Vietnam Rubber Group stripped of Forest Stewardship Council certification for forest destruction, illegal land grabs and human rights abuses

globalwitness – Press release / Oct. 26, 2015 

Rubber giant Vietnam Rubber Group (VRG) has been expelled from the world’s leading forest certification body, the Forest Stewardship Council (FSC), following an investigation into illegal land and forest clearance in Cambodia. Responding to a complaint submitted by Global Witness last November, the FSC found that the state-owned company had illegally destroyed at least 50,000 hectares of forest for its rubber plantations in Cambodia alone, including wildlife sanctuaries and protected areas.

“The FSC investigation provides further evidence that VRG has destroyed some of South East Asia’s most important remaining forests, with indigenous communities forcibly displaced in the process, and is forcibly taking land from its rightful owners and destroying livelihoods – with untold and irreversible effects,” said Patrick Alley, a Founding Director of Global Witness. “The FSC has done the right thing by dropping them from its certification scheme. Now VRG needs to urgently take action to address the damage it has caused.” Continue reading “Vietnam Rubber Group stripped of Forest Stewardship Council certification for forest destruction, illegal land grabs and human rights abuses”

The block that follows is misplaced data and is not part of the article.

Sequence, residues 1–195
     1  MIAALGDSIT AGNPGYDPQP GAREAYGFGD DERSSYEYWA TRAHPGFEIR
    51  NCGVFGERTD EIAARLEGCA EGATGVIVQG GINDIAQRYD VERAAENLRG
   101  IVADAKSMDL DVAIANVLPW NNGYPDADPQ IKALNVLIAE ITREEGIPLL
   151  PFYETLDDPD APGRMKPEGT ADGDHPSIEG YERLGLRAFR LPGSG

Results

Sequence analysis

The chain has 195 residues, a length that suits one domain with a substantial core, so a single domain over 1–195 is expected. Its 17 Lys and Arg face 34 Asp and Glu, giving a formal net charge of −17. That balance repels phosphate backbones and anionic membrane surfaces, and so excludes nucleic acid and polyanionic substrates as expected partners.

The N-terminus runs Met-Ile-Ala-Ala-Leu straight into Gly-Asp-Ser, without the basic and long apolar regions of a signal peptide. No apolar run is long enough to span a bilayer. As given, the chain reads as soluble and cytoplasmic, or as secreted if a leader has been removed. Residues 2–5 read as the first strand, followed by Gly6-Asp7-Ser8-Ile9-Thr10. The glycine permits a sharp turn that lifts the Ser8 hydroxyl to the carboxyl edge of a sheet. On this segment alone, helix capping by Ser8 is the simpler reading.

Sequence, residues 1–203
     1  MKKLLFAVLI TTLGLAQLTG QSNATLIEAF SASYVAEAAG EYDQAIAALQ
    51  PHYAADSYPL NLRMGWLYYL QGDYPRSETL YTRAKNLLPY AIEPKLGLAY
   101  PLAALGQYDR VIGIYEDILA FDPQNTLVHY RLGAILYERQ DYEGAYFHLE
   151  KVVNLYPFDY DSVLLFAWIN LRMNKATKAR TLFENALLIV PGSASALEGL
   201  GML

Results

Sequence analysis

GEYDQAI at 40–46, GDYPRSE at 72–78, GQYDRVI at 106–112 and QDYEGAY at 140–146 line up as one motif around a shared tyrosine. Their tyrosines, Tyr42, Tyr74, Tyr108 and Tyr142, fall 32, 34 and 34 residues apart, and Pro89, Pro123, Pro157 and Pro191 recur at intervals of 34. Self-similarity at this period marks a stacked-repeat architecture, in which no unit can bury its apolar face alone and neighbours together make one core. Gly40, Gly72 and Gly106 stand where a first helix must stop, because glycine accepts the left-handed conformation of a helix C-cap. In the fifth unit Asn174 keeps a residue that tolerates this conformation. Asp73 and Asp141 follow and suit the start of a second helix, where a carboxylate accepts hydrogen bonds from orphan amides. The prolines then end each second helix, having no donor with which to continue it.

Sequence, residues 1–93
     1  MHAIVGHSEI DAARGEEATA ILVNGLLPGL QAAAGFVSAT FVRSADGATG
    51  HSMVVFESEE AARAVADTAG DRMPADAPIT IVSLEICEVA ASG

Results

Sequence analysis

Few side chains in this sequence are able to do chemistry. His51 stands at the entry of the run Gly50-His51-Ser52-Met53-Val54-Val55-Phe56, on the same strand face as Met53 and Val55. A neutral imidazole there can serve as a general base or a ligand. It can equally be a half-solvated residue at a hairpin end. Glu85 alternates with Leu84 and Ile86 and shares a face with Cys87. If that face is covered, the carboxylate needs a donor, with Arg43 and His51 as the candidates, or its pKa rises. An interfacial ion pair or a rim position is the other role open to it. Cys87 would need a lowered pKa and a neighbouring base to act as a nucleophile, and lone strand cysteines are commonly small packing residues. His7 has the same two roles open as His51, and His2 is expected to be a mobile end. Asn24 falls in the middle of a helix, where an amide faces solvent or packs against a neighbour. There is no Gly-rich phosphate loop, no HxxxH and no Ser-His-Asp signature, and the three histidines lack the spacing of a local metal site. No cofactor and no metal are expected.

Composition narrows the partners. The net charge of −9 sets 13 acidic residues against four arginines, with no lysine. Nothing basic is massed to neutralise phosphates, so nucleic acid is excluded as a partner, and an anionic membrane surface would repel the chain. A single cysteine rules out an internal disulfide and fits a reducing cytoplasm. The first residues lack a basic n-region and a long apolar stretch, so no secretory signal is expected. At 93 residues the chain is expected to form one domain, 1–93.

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A Blueprint for Fisheries Management and Environmental Cooperation in the South China Sea

CSIS


By | September 13, 2017
AMTI Update

This is the first product of the CSIS Expert Working Group on the South China Sea, which seeks to chart a feasible model for claimants to manage the maritime disputes.  

The South China Sea is one of the world’s top five most productive fishing zones, accounting for about 12 percent of global fish catch in 2015. More than half of the fishing vessels in the world operate in these waters, employing around 3.7 million people, and likely many more engaged in illegal, unregulated, and unreported fishing. But this vital marine ecosystem is seriously threatened by overfishing encouraged by government subsidies, harmful fishing practices, and, in recent years, large-scale clam harvesting and dredging for island construction.

Spratly Trip Feb 2016 Yellow Camera 177-1

Spratly Trip Feb 2016 Yellow Camera 647-1

On the top, the relatively healthy but overfished reef flat surrounding Thitu Island; on the bottom, a reef flat approximately 1.5 nautical miles away destroyed by Chinese clam harvesters. Both photos dated February 2016, courtesy of John McManus.  Continue reading “A Blueprint for Fisheries Management and Environmental Cooperation in the South China Sea”